• Google Lens is a fascinating new AI feature that takes visual identification to new heights. In one application, Lens can remove obstructions in front of a subject, such as a chain link fence (see demo tweeted below), and fill in the missing elements — because people want to be able to take better pictures.

Let’s apply Google strategy to your business. In a nutshell:

Your greatest opportunities as a business are probably hiding under the cloak of user problems.
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To find the opportunities awaiting discovery for your own business, ask yourself two questions:

  1. What do people complain about in my industry? Complaints expose problems just waiting for a new product, service or technology to solve. This kind of negative feedback also provides clues for how to best engage your prospective customers.
  2. What is difficult or time-consuming for prospective customers to accomplish today? In addition to listening for pain points, also just observe. Look for processes that everyone just accepts, but which require a lot of time and effort to do.

If your business innovates a solution to a problem, you can make people’s lives or jobs easier, potentially jump ahead of your competition, and grow your business.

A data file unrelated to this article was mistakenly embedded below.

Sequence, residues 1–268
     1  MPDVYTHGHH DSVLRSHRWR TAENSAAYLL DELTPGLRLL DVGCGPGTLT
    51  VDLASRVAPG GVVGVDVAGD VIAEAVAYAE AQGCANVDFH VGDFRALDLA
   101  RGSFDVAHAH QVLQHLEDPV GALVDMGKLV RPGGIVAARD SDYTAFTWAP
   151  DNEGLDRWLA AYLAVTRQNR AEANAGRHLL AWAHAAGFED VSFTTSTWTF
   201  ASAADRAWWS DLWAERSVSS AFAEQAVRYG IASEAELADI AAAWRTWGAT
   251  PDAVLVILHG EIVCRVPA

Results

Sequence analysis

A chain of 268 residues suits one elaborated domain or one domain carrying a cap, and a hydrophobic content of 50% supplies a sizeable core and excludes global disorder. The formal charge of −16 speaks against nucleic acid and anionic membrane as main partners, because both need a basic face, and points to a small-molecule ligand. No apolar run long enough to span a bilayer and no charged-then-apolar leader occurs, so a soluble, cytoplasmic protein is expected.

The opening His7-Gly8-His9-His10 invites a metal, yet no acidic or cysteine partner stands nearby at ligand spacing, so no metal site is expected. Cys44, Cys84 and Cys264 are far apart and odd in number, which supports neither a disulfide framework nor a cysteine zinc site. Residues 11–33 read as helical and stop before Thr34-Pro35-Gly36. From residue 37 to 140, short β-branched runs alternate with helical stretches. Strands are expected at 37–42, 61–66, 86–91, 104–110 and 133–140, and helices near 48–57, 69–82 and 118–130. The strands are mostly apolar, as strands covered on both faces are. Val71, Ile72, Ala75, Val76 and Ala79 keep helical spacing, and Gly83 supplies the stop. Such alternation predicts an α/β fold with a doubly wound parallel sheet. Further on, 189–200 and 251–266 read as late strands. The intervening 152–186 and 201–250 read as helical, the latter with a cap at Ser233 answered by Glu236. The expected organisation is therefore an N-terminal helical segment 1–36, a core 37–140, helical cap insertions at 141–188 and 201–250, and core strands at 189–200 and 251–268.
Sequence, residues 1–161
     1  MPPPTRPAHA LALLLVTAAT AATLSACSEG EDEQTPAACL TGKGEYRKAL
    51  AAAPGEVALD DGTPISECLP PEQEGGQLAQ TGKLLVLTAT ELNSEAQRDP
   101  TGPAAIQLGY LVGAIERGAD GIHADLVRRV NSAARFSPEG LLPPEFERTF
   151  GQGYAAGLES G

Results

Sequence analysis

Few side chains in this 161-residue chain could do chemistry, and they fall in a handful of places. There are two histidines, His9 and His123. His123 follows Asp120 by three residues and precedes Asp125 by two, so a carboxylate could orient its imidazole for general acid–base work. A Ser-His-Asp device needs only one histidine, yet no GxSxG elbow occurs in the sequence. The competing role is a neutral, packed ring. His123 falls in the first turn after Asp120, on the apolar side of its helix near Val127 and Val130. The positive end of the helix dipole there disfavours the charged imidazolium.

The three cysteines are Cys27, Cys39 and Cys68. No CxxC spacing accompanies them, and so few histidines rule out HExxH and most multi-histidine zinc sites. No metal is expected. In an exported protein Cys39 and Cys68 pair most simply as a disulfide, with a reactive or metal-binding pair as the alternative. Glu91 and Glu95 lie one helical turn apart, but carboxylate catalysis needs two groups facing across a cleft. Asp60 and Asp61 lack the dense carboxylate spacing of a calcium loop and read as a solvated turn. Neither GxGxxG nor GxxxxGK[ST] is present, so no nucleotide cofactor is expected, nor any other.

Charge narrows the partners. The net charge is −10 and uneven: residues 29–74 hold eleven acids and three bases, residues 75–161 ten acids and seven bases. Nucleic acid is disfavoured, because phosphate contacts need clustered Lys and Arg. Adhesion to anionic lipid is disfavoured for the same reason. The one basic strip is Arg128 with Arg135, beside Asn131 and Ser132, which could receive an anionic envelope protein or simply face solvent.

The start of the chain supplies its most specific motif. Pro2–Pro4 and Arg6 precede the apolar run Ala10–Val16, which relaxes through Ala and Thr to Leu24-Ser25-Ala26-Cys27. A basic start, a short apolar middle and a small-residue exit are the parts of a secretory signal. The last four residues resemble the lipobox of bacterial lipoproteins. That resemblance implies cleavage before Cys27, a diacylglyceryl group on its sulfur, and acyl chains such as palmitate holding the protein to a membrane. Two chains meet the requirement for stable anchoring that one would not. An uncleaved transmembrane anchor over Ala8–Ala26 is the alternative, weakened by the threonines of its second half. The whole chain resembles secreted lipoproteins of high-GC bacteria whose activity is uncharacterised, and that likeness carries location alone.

But even if you’re not going to invent the next great product, by understanding people’s needs better you can offer solutions more effectively. Your marketing campaigns will ring truer (and have better click-through rates!) if they come from a point of empathy.

Solving people’s problems underlies the majority of Google’s advancements. Make it your business’s mantra, too.

Note: You can watch Google I/O to see various presentations live May 17–19 (check out the schedule here).








Source: Bruce Clay

#21 – Maria Sharapova’s reputation double fault, Sears is upset at the media, Dove’s bottle battle, and more

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This week we talk about rebuilding a damaged personal reputation, not letting the media tell your brand story, having the bottle to expand your brand, and how to get ahead of a potential reputation crisis.

Each week, Erin Jones and I take a look at the most interesting reputation management stories, answer your questions, and share valuable ORM tactics. In this week’s episode:

If you have a question you would like us to tackle, please leave a comment below or on my Facebook Page.

Enter our subscriber contest below!

Subscribe to the Reputation Rainmakers podcast

Transcript (forgive us for any typos):

Andy Beal:                  Welcome back to another episode and Erin is with me. Now Erin, are you aware that I’m a bit of a tennis fanatic?